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Dr Laura Hanson
Laura Hanson, MD

More than one million Americans have late-stage dementia. Sadly, they suffer significantly from physical pain, neuropsychiatric distress symptoms, and medical complications. On top of that, these people also often deal with hospital and emergency room visits.

Dr. Laura Hanson (UNC Geriatrics, UNC Palliative Care Program) says, “Their family caregivers provide direct daily care for years, and face financial and personal health effects. Over half of these families desire comfort-focused dementia care once dementia is moderate or severe. Yet many struggle to find nursing home staff who can provide it.”

As a result, Dr. Hanson has worked alongside Dr. Sheryl Zimmerman (UNC School of Social Work) and Dr. Mark Toles (UNC School of Nursing) to develop Comfort First. The team also collaborated with the developers of Comfort Matters at the Beatitudes in Phoenix, Arizona, and the North Carolina Friends of Residents in Long-term Care.

“Caring for people with dementia is challenging for their families, and for the clinicians who work to meet their needs in outpatient, long-term care, and acute care settings…Comfort First is an approach to dementia care that uses the goal of comfort to guide the care plan and daily care for people with dementia.” – Dementia Comfort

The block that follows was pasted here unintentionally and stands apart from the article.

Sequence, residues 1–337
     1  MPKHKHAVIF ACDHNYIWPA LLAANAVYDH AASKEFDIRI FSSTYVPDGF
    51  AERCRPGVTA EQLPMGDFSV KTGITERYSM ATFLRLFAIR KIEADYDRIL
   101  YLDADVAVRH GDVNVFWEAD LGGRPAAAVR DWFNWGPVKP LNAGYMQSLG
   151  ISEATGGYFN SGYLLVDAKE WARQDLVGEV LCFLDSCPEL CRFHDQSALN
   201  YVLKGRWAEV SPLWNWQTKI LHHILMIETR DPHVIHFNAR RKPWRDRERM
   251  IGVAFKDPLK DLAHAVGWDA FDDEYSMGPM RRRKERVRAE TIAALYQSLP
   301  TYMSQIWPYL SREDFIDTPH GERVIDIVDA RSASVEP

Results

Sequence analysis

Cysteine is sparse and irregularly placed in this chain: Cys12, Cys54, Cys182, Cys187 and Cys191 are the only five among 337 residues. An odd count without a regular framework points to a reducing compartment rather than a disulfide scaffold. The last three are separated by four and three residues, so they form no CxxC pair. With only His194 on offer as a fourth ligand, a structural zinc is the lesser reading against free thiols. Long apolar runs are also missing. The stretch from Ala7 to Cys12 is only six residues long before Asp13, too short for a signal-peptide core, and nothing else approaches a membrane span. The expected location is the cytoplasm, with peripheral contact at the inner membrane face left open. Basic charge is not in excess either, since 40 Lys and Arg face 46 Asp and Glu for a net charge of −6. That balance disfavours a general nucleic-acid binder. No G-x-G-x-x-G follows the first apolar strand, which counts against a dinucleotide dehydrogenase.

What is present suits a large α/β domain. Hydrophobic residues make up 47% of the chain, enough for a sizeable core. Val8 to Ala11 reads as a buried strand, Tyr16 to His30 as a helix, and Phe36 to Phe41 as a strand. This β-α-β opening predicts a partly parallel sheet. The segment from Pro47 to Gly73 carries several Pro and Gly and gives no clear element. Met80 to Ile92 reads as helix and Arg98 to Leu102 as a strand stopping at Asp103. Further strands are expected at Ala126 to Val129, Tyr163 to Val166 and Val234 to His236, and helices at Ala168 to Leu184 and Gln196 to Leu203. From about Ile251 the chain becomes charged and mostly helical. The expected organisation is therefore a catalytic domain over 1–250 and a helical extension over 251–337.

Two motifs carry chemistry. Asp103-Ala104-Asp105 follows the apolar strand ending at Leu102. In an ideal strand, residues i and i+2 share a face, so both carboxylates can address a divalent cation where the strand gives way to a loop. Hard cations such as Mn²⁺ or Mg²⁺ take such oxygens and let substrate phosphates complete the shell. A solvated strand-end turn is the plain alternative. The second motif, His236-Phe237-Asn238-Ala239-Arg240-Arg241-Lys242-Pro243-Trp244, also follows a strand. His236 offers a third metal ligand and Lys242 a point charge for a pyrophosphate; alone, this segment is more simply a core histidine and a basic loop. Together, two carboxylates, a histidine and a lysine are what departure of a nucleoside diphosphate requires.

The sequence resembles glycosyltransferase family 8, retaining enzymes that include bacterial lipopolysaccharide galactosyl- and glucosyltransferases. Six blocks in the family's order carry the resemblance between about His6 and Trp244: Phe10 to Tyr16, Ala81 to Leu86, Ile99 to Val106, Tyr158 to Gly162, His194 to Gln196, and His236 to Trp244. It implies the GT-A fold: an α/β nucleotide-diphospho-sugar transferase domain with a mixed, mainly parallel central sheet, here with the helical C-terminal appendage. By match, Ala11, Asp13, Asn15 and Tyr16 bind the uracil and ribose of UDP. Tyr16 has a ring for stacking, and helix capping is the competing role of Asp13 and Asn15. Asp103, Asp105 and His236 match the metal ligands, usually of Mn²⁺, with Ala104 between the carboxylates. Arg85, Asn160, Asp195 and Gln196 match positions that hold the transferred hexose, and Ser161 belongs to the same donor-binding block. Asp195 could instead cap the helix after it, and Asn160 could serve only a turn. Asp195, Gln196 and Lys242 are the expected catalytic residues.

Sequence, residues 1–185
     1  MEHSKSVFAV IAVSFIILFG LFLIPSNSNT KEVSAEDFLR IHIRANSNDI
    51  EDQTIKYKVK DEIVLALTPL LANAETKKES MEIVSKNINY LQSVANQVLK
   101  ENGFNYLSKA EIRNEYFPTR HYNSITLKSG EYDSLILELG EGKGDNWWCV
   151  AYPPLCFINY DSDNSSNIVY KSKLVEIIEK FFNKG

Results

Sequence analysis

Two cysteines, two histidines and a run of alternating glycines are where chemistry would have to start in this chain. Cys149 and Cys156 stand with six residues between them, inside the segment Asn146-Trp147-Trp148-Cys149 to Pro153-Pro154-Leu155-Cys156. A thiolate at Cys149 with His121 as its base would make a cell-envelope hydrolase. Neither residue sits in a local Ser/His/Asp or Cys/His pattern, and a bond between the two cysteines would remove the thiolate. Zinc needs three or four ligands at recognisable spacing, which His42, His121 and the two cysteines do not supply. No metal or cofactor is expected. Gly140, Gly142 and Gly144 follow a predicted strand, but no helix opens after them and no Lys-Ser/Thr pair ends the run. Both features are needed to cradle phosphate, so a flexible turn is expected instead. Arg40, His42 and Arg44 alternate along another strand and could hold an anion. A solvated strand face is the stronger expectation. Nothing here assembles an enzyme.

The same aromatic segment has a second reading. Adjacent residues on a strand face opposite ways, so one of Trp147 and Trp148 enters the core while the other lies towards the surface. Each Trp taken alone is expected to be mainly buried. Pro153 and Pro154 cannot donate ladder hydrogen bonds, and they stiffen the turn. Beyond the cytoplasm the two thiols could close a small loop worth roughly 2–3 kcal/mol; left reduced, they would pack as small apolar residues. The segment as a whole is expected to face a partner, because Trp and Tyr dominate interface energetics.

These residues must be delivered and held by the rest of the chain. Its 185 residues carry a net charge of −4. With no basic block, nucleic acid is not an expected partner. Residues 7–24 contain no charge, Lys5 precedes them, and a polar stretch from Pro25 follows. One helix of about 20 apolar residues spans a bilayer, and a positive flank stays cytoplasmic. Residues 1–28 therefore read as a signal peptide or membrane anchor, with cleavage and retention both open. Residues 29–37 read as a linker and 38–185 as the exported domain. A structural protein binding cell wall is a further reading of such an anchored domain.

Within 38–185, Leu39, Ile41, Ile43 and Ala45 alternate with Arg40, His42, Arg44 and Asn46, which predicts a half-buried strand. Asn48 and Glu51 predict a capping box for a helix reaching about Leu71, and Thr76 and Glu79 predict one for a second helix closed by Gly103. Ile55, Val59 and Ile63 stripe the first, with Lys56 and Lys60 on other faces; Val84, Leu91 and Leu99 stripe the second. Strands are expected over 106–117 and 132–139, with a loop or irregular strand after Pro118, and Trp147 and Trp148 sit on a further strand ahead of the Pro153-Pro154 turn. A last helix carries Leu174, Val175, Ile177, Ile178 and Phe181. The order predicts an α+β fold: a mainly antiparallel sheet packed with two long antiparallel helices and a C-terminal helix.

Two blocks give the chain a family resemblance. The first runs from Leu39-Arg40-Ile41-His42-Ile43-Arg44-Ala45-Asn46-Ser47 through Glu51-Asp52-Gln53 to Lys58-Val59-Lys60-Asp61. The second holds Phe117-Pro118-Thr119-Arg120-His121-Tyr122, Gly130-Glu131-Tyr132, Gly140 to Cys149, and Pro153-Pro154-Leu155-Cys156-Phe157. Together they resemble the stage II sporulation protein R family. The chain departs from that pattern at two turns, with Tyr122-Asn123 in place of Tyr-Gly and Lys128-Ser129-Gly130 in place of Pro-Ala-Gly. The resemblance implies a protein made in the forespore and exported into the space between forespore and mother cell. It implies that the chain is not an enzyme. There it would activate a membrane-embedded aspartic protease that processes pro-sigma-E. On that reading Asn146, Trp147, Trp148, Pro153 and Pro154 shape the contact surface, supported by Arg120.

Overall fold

Developing Comfort First

The team based the Comfort First program on another well-known dementia care program called Comfort Matters. Developed at the Beatitudes nursing center in Phoenix, AZ, Comfort Matters is, “the nation’s leading evidence-based model of comfort-focused dementia care.” However, accessing this training is difficult. Dr. Hanson says, “Using videos of the care practices at Beatitudes, we created a web-based training program called Comfort First. After that, we evaluated it in two North Carolina nursing homes.”

Funded by a grant from the Centers for Medicare and Medicaid Services (CMS) Civil Money Penalty fund, Comfort First resources are intended for clinicians and staff who provide dementia care in long-term care settings (nursing homes, assisted living). Specifically, this includes nurses, nursing aides, advance practice providers, physicians, social workers, activity staff, and even administrative staff – everyone who interacts with people with dementia or supports their care.

In partnership with the UNC Center for Aging and Health, the training, evaluation, and implementation materials are available on the Greensboro AHEC site. In this six-module training program, participants learn to understand people with dementia, address their experience of pain or emotional distress, and learn effective ways to prevent or reduce these distressing symptoms of the condition. And by prioritizing comfort, long-term care staff or other caregivers can reframe the care plan for those living with dementia.

Learn More

To set up a training and ensure continuing education credit, visit the Carolina Geriatric Workforce Enhancement Program’s training options. For additional details about Comfort First, visit the Dementia Comfort website:

Comfort First website screenshot